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Grep, sed and Awk in Linux

GREP

Use of General Regular Expression Print: Example
1. To find out the traffic in Linux system.
2. To search for specific file having a certain module.
3. Count the number of cpu in the Server.

ifconfig eth0 |grep RX
grep pam_nologin /etc/pam.d/*
grep -c name /proc/cpuinfo

Some flags:
-c count the number of matching lines.
-v Inver the match
-i Case invertible.

Example This CSV:

drill,99,5
hammer,10,50
brush,5,100
lamp,25,30
screwdriver,5,23
table-saw,1099,3


#!/bin/bash
OLDIFS=$IFS
IFS=","
while read product price
do
echo -e "\e[1;33m$product \
========================\e[0m\n\
Price : \t $price \n\

done < $1
IFS=$OLDIFS
echo "my IFS is: $IFS"

drill ========================
Price : 99
Quantity : 5

hammer ========================
Price : 10
Quantity : 50

brush ========================
Price : 5
Quantity : 100

lamp ========================
Price : 25
Quantity : 30

screwdriver ========================
Price : 5
Quantity : 23

table-saw ========================
Price : 1099
Quantity : 3

Here IFS is the Internal Field Separator used in Linux. By default its a space. Its used to determine to do word splitting. For example.

#!/bin/bash
OLDFS=$IFS
IFS=','
while read product price quantity
do
echo "product is:" $product
echo "price is:" $price
echo "quantity is:" $quantity
done < $1
IFS=$OLDIFS

It would display product, price and quantity separately.

sh parsecsv.sh.bak tools |grep -A2 hammer
hammer ========================
Price : 10
Quantity : 50

There are fields such as -A, -B and -C
-A After Context
-B Before Context
-C Context

Regular Expression:

Regular expression are a sequence of patterns that define a search pattern. Typical use of regex example. Input validation, Search and replace, String parsing, Data Scraping, Syntax highlighing, Data mapping etc.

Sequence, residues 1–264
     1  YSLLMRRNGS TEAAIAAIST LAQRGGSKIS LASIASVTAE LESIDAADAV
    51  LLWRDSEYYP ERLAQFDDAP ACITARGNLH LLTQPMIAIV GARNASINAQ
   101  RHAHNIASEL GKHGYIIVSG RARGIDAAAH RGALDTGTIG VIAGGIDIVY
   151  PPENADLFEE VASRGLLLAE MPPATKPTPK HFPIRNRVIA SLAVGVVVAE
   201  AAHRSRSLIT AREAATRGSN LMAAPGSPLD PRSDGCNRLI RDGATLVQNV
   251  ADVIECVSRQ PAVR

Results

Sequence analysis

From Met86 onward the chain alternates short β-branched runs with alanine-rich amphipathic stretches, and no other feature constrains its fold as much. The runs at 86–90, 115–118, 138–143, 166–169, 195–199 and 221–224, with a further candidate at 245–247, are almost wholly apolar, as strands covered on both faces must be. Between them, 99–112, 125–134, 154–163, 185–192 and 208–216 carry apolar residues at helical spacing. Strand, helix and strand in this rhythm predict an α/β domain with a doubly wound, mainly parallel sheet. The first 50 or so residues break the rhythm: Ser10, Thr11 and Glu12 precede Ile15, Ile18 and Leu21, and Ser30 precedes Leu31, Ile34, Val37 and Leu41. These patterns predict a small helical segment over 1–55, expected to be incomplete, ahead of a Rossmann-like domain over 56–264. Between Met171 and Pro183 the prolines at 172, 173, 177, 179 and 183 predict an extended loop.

Anchors, Ranges, Boundaries and Validating Data:
^ Anchors
?

Example: grep ‘^server’ /etc/ntp.conf

grep '^server' /etc/ntp.conf
server 0.centos.pool.ntp.org iburst
server 1.centos.pool.ntp.org iburst
server 2.centos.pool.ntp.org iburst
server 3.centos.pool.ntp.org iburst

Python Regular Expression Quick Guide

^        Matches the beginning of a line
$        Matches the end of the line
.        Matches any character
\s       Matches whitespace
\S       Matches any non-whitespace character
*        Repeats a character zero or more times
*?       Repeats a character zero or more times
         (non-greedy)
+        Repeats a character one or more times
+?       Repeats a character one or more times
         (non-greedy)
[aeiou]  Matches a single character in the listed set
[^XYZ]   Matches a single character not in the listed set
[a-z0-9] The set of characters can include a range
(        Indicates where string extraction is to start
)        Indicates where string extraction is to end

grep ‘4$’ /etc/logrotate.d/*  Find the lines where the file has 4 at the end of a line.

cat -vet /etc/ntp.conf –> display the non-printing. You would see $ as well.

to print the blank line.
grep ‘^$’ /etc/ntp.conf
To print all the lines without the blank lines, just switch the option -v (Invert the flags).

Boundaries in Regular Expression

\s Whitespace
\b Word boundar
\B Reverse the meaning.

Ranges in Regular Expression

Any letter [A-Za-z]
Any digit [0-9]
Any lowercase letter and underscore [a-z_]
Matches 3,4,9 [349]

Exercise:

Jones,Bob,232-78-3456
Jackeson,Jane,,
Federer,Jack,xxx-xx-xxxx
Maw,Michael,1879-0
Alexander,Sally,345-89-8095
Beder,Ioana,567-34-9802
Staines,Brad,,

Find the Employee Records with invalid SSN records.